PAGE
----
Lionel Trilling and the Critics: Opposing Selves

By John Rodden | Go to book overview

11
“A Forster Revival,” The Nation
August 1943

Morton Dauwen Zabel

Morton Dauwen Zabel (1901–64), who taught English at Loyola University in Chicago and the University of Chicago, was a distinguished literary critic. He also published four volumes of poetry and was an editor of Poetry.

Best known for his literary criticism, Zabel was the editor of Literary Opinion in America: Essays Illustrating the Status, Methods, and Problems of Criticism in the United States (1937), which went through several editions. (Trilling contributed two essays to Zabel’s 1951 edition: revised versions of his 1940 Partisan Review piece on Vernon Parrington and of his 1940 Kenyon Review essay on Freud.) Zabel also wrote Craft and Character: Texts, Method, and Vocation in Modern Fiction (1957), an essay collection that includes his flattering review of The Middle of the Journey. Chiefly a scholar of modern fiction, Zabel edited volumes on Dickens, Conrad, James, and Melville.

The least expected literary event of the season is one of its happiest and most inspiriting—a revival of the fiction of E. M. Forster. Alfred A. Knopf reissues “Where Angels Fear to Tread” and “Howard’s End” ($2.50 each); New Directions reprints “The Longest Journey” and “A Room with a View” ($ 1 each); with “A Passage to India” already in the Modern Library, all five of Forster’s novels are thus restored to circulation. To accompany them comes the best full study of Forster’s work and ideas yet written, by Lionel Trilling. The event, at this particular moment of literary and intellectual crisis, becomes more than a literary occasion: it takes on the force of a public service.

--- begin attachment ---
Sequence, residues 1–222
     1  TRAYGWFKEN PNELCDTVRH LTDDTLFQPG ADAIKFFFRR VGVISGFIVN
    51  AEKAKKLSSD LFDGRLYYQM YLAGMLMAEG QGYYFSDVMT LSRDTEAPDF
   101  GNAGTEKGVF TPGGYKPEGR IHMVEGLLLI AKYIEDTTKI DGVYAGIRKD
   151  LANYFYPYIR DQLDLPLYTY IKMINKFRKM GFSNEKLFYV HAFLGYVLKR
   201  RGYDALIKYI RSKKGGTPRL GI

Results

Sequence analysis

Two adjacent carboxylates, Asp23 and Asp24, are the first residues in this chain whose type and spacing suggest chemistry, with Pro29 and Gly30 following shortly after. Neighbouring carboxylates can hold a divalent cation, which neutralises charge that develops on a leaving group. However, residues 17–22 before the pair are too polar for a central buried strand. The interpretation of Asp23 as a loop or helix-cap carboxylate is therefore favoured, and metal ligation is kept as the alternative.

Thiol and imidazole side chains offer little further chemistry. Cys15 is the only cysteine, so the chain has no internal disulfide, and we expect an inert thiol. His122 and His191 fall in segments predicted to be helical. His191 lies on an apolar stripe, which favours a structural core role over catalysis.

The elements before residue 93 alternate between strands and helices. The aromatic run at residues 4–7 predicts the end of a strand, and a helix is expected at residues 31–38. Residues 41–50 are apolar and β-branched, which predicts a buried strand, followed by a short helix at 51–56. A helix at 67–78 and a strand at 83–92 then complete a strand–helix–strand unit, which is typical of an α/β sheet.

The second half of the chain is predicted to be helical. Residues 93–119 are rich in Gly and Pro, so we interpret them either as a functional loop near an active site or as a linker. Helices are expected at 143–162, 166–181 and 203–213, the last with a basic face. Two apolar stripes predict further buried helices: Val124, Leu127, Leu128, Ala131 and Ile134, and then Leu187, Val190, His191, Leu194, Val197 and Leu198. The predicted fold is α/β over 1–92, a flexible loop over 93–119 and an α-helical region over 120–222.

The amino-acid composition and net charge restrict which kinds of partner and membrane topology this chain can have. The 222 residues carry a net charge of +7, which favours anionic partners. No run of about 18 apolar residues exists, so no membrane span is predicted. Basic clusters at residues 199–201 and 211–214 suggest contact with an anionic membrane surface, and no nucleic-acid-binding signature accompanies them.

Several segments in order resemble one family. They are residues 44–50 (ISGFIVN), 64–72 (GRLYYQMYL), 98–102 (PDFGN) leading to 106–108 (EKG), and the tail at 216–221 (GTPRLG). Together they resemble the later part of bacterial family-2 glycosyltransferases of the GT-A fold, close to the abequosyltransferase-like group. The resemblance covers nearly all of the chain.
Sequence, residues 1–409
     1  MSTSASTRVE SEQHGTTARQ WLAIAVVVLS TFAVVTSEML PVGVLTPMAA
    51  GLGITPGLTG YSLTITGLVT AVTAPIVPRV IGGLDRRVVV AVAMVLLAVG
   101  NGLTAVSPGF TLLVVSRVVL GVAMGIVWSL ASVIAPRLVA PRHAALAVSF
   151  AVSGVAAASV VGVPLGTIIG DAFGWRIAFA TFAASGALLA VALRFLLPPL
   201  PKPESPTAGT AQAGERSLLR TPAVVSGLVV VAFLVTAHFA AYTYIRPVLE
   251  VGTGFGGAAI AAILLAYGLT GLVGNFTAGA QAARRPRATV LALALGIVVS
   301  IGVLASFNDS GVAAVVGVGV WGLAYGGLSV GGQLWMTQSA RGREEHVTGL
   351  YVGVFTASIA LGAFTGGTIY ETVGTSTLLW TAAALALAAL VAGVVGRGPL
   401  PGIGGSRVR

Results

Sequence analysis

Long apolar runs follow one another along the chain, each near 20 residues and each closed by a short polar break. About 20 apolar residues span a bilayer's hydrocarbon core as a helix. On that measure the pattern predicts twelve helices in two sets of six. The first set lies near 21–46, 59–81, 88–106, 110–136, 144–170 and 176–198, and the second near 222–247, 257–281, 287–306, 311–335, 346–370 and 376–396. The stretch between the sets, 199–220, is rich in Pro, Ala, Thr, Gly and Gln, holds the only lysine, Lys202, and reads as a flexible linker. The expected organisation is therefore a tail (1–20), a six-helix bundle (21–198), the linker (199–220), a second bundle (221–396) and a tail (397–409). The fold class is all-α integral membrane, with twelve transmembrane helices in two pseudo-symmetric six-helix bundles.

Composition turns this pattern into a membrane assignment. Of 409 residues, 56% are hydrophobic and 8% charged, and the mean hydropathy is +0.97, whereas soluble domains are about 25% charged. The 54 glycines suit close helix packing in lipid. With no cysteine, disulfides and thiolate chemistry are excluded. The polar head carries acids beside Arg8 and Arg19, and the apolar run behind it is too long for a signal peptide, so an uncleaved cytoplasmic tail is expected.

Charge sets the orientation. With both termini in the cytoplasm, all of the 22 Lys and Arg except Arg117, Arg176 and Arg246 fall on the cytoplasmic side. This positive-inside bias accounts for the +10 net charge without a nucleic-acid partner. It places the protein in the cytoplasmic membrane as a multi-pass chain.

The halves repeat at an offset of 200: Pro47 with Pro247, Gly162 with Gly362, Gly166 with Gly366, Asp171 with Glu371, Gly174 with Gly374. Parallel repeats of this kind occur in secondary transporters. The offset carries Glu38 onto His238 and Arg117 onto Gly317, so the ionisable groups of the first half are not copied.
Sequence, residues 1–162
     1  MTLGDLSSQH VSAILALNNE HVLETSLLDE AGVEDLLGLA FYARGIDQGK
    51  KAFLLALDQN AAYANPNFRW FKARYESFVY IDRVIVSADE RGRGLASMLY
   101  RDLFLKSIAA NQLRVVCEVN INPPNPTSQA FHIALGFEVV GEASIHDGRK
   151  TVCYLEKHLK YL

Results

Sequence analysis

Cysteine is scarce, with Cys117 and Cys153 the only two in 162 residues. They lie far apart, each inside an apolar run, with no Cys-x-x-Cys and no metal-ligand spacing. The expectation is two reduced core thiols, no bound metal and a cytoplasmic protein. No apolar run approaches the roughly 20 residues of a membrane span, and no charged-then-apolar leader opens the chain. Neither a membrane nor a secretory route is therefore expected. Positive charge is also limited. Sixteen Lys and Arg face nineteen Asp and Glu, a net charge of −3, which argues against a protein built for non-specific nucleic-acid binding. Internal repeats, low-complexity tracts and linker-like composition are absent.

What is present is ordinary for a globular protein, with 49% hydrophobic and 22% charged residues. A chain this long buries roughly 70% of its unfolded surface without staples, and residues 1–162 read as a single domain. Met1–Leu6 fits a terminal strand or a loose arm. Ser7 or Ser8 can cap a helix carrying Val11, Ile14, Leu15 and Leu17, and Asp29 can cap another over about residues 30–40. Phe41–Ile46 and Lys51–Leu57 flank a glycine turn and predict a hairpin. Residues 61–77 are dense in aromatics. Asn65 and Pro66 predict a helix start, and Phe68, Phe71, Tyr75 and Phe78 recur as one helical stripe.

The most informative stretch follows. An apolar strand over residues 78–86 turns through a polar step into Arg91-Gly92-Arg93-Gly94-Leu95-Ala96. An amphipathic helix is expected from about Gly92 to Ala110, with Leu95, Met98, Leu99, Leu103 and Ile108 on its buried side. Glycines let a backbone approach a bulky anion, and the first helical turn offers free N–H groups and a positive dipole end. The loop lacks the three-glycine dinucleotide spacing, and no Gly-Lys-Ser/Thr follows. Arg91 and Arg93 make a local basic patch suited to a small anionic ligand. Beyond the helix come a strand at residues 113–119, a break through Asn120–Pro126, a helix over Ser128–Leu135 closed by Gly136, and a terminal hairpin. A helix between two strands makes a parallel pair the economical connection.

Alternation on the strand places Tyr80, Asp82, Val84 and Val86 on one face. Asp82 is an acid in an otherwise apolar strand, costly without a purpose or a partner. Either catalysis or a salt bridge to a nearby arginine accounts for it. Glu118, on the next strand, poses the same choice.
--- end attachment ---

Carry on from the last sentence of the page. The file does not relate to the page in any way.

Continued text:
One would like to argue that a general enthusiasm for these brilliant but still neglected novels requires no critical instruction. They are among the wittiest, most original, most acutely stimulating and entertaining books of our time. They adhere to an established tradition of English comedy

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